Budget deliberation: IT overhaul emerges as Paradise Valley priority

Paradise Valley Mayor Michael Collins during the April 26 study session at Town Hall, 6401 E. Lincoln Drive, where the local governing body continued to dissect its operating budget. (Independent Newsmedia/Arianna Grainey)

Paradise Valley Town Council’s second budget discussion this spring didn’t reveal too many surprises, but it did allow for a financial peek behind the municipal curtain.

During an April 26 study session, the elected leaders picked up their conversation from earlier in the month where town officials depicted a rosy financial picture for Paradise Valley.

Mostly, the council was intrigued to learn from their new Information Technology Chief Information Officer, Steven Brunasso, that their networks were running on nearly-stone age technology. This tech system includes one old computer that the police department phone line is on, and obsolete 2003 Microsoft Office products.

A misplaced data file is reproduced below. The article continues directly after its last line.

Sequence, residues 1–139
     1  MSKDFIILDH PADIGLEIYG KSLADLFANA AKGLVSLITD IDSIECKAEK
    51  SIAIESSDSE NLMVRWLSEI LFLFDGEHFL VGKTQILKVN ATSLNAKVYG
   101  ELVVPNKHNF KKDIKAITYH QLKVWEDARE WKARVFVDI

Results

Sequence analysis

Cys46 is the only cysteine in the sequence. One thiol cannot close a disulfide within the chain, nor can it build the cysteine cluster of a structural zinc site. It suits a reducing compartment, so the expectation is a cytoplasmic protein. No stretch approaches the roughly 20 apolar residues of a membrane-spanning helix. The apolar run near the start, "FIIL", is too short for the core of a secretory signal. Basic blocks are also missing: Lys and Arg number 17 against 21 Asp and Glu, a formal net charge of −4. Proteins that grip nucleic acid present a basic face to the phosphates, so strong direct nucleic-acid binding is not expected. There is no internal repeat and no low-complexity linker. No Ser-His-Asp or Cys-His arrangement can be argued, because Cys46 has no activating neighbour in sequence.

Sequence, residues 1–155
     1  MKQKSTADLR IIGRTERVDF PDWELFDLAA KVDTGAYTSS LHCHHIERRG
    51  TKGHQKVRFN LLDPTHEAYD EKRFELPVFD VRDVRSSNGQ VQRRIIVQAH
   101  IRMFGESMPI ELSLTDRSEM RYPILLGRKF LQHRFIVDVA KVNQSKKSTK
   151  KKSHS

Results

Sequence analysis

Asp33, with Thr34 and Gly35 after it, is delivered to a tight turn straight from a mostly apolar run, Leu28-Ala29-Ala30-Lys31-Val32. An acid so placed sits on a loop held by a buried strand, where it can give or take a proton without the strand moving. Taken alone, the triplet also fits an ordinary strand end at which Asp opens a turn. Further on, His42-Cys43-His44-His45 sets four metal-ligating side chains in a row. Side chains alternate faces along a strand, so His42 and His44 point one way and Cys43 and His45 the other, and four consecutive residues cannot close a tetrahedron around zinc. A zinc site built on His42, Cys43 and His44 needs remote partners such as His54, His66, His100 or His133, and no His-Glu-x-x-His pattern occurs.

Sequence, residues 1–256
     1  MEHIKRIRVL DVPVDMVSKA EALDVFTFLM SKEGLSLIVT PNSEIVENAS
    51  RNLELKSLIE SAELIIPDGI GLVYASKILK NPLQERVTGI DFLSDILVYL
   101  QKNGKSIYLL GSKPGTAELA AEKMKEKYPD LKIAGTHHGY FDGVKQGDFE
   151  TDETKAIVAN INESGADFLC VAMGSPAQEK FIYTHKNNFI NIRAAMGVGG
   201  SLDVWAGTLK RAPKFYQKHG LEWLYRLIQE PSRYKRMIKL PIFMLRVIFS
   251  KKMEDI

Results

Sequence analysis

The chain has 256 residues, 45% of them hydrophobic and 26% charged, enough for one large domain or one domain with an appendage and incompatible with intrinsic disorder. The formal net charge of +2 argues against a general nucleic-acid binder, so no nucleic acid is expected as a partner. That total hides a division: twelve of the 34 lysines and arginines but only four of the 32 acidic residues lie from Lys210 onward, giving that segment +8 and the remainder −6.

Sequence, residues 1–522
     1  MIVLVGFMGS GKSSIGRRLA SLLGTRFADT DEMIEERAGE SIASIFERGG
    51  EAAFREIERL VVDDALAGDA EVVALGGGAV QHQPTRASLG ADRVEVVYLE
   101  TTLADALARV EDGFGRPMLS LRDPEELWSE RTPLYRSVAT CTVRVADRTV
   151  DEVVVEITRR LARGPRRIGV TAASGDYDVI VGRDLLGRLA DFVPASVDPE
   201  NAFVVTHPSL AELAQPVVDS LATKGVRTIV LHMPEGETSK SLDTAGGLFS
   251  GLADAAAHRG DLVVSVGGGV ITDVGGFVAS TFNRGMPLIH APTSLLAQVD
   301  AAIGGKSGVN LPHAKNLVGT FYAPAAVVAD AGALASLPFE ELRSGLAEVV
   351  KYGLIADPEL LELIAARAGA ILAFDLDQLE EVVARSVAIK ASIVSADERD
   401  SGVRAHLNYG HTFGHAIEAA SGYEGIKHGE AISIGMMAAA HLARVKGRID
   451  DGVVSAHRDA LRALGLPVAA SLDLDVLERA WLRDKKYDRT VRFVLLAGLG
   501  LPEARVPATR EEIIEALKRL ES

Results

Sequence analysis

Mr. Brunasso classified the town’s IT complexity as unstable, which he defined as an inability to provide reliable business services.

The introductory overview previously included Town Manager Kevin Burke’s recommended budget for fiscal year 2018-19, while the April 26 discussion was mainly comprised of staff presentations on their individual budgets.

The council’s meeting officially started at noon that day with an executive session before rolling up their sleeves on the budget later in the afternoon.

Overall, Mr. Burke says revenues are up and expenses are down within the Town of Paradise Valley.

Mr. Burke is proposing total expenditures next fiscal year at $47,378,569 while the municipality’s General Fund, which accounts for 65 percent of the all-funds budget, is estimated to be $30,618,530.